The Afghanistan fairytale, now in print
There are some stories so compelling they need no embellishment. The story of Afghanistan's cricket team is one of these. Amid hardship unimaginable to most cricket-playing countries, Afghanistan discovered a love for the sport and, in the wreckage of conflict, founded a team that rose five divisions in two years to make a fairytale appearance at the 2010 World Twenty20 in West Indies.
It's a remarkable tale and Tim Albone recounts it in this stirring book. Albone was a foreign correspondent based in the country with the Times and Sunday Times, and grew weary of retelling the stories of violence and victims that were the staples for newsreaders around the world. Instead, he decided to make a documentary - which aired to much acclaim last year - following the team as they made their mark on the world game. His purpose, he writes, was "to show the beauty, the madness, the humour, the resilience, the enterprise, the humanity and the people."
The book's greatest quality is that he achieves just that, and in doing so reveals much about the sport that gets written out of the sanitised highest level. The book centres on Taj Malik, the overbearing, obsessive and frighteningly driven Afghani refugee who makes it his life mission not just to bring cricket to his country but to take the side he builds to the World Cup.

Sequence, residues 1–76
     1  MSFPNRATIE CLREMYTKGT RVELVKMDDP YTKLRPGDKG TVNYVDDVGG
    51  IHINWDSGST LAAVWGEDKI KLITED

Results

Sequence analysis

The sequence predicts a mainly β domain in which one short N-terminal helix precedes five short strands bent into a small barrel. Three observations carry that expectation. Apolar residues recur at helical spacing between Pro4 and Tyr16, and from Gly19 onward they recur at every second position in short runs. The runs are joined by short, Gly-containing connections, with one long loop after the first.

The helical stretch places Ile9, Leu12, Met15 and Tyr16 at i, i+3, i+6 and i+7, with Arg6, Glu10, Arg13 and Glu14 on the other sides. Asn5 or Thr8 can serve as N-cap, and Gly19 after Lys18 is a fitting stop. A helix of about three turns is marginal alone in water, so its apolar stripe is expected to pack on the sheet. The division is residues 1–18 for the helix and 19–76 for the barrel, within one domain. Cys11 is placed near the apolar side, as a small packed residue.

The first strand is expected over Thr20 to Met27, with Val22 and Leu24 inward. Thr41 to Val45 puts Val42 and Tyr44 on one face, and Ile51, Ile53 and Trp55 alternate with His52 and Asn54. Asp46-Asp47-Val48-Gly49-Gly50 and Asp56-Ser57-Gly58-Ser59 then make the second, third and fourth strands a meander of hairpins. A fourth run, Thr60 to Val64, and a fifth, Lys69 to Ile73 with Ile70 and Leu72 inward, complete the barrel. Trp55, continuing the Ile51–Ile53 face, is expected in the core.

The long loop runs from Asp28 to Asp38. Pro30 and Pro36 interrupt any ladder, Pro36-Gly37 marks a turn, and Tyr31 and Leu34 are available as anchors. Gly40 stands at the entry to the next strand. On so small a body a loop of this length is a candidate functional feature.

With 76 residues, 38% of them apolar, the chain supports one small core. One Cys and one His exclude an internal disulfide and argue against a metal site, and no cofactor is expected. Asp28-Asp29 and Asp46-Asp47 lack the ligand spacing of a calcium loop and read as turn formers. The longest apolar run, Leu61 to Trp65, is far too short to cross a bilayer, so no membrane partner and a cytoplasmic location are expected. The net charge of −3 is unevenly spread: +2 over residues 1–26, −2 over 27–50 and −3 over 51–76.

Malik - whose brothers Hasti and Karim play in the Afghanistan team - ended up coaching the side through its first outings before being cast aside, when the team needed more professional guidance, for the former Pakistan player Kabir Khan. Yet it is Malik's audacity that pulsates through the team and through the book. Without him and his dream none of it would have been possible.
In this context the ICC's decision to block Associate and Affiliate nations from the next World Cup becomes all the more frustrating. As they ponder a U-turn, the decision-makers would do well to read Albone's book. The galvanising force of a World Cup possibility - however remote - was powerful enough to bind factions and overcome unthinkable burdens in Afghanistan. Malik's messianic fervour ended up creating the most uplifting cricketing story in decades. His mission was founded on the dream of a World Cup, and for the ICC to remove it is as self-defeating as it is cruel.
Yet, as we're taken on a tour beyond the Test world, starting with Division Five in Jersey to a rung higher in Tanzania and then to Argentina, it shows just how well parts of the game are run. Unlike at the highest level, where the ICC is an impotent forum for competing national boards, it has genuine power to organise the sport competently in countries where cricket is less familiar. There remains administrative bungling - like the promotion of the USA to the World Twenty20 qualifiers in another attempt at jump-starting a "market" in the country - but Afghanistan's rise shows that the ICC is capable of serving cricket's best interests.